Coding Hell

Programming and stuff.

Tic-tac-toe AI Part 3: Game Tree for the Win

Writing a bot for a game as simple as tic-tac-toe is not that hard. As there are only 255,168 possible games, you can easily simulate all of them to search for good moves.

So the first thing the bot does is generating all possible game endings based on the current situation. The resulting situations can be stored in a so called Game Tree:

Image source: Wikipedia/Gdr

Tic-tac-toe AI Part 2: The Grid System

Before we can start implementing the actual artificial intelligence, we need to develop the basic game mechanics. The key element of Tic-tac-toe is obviously the game grid.

As the grid consists of 3x3 fields, we could go with a multidimensional array, where each field would store either a 0 (empty), 1 (X, player 1’s sign) or a 2 (O, player 2’s sign). But multidimensional arrays are difficult to serialize and you can’t do a simple pattern matching against them.

Tic-tac-toe AI Part 1: Introduction

One of the things that always interested me is Artificial Intelligence. I never had a chance to learn anything about it, but now the time has come. I recently bought the book Artificial Intelligence: A Modern Approach which I’ll start reading during my flight to the USA.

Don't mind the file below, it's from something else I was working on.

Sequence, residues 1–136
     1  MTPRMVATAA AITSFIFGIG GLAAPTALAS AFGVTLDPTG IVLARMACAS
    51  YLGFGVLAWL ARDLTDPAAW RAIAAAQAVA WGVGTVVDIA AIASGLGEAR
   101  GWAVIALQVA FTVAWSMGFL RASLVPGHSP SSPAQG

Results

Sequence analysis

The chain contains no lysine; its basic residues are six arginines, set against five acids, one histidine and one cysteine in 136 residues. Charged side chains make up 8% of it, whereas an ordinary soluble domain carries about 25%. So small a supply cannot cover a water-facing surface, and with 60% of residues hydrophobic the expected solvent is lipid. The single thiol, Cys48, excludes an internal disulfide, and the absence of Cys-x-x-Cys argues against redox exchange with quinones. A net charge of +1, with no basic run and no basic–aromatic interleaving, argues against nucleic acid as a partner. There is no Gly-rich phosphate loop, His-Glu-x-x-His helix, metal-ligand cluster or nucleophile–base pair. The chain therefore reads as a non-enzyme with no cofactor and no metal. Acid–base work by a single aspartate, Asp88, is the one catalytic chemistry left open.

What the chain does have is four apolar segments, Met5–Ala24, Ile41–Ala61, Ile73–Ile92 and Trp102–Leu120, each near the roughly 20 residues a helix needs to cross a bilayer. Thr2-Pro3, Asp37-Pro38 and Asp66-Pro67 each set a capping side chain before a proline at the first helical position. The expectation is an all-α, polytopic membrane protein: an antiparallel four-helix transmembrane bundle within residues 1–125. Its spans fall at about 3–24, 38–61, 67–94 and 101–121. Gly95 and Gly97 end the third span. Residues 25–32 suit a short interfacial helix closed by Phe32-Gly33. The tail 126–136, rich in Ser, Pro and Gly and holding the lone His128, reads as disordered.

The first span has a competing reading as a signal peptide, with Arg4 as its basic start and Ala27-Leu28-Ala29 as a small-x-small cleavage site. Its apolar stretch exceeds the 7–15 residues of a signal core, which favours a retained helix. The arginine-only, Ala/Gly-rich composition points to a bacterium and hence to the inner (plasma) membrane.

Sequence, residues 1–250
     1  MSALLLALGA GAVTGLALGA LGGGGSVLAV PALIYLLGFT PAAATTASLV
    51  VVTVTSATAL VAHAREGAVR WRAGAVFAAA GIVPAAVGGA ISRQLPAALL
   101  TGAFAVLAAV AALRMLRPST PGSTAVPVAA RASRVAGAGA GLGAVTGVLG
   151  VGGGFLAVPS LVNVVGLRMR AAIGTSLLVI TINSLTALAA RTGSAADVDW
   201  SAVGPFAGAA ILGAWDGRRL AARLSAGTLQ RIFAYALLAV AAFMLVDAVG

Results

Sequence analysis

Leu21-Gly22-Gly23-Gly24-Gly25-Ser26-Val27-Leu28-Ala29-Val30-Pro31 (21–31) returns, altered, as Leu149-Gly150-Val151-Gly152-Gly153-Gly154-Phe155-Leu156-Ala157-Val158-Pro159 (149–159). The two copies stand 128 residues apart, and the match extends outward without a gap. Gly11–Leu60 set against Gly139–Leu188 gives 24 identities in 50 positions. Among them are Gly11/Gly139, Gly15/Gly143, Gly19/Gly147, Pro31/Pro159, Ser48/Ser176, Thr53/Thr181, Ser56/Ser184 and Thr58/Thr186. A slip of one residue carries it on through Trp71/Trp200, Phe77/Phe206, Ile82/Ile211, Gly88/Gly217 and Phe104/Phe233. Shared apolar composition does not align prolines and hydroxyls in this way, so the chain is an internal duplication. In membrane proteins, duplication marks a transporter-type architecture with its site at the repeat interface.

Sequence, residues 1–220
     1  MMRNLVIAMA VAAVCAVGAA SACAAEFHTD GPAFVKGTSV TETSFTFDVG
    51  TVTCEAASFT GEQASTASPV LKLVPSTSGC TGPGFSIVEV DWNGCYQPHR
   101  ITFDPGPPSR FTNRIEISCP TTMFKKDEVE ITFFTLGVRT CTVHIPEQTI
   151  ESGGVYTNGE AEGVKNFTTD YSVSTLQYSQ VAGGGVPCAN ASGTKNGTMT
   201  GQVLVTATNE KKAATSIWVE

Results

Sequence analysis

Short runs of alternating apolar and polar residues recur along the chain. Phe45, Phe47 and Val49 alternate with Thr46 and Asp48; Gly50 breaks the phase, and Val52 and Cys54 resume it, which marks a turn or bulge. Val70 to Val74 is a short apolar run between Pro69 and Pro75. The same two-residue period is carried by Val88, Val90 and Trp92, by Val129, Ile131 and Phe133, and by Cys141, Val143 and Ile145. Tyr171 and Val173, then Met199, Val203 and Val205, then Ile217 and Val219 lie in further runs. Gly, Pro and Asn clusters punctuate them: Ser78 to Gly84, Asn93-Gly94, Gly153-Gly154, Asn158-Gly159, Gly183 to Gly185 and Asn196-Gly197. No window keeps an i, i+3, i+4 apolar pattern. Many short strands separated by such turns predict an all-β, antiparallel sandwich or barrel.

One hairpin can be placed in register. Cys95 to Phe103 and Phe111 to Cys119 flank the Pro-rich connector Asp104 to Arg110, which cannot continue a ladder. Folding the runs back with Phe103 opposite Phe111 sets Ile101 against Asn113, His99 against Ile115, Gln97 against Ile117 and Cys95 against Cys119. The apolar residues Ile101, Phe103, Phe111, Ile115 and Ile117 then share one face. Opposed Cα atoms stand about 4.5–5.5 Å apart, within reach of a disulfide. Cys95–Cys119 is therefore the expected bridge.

In this blog series, I’d like to document the development of a simple tic-tac-toe program. Once finished, I’ll release the source code on GitHub.

The program will support three different players:

Human Player: This one is obvious ;)

Simulating AI: A AI simulating all possible moves to find the ones guaranteeing either a win or a tie.

Learning AI: This one is the most interesting one: The only thing it knows is that it plays a turn based game and it can place X’s (or O’s) on a 3x3 grid. It doesn’t know the rules and it doesn’t know any strategies. Instead it will try to win by analyze it’s moves when the game finished.

I’ll use Java (7) as programming language but the principles are useable in any other language as well.

Extended Usage of HumanReadableFileSize.js

I just extended my jQuery plugin HumanReadableFileSize.js to support replacing the (numerical) contents of elements with a human-readable file size. Here is an example of how it works:

<span class="filesize">54788455578</span> <!-- 51.03 GiB -->
<span class="filesize">2322</span> <!-- 2.27 KiB -->
<script type="text/javascript">
  $('.filesize').fileSize(2, true);

Hope it’s of some use to you.


 print 'Hello world!'

I finally managed to start my own blog. I will add random bits about ruby, software development in general, geek stuff but also personal thoughts. You can learn more about me and this blog in the about section of this website.

The blog is powered by Octopress, it’s using the darkstripes theme for the moment and it’s currently hosted at Amazon S3. I will try to build my own theme and setup a personal server when the time comes.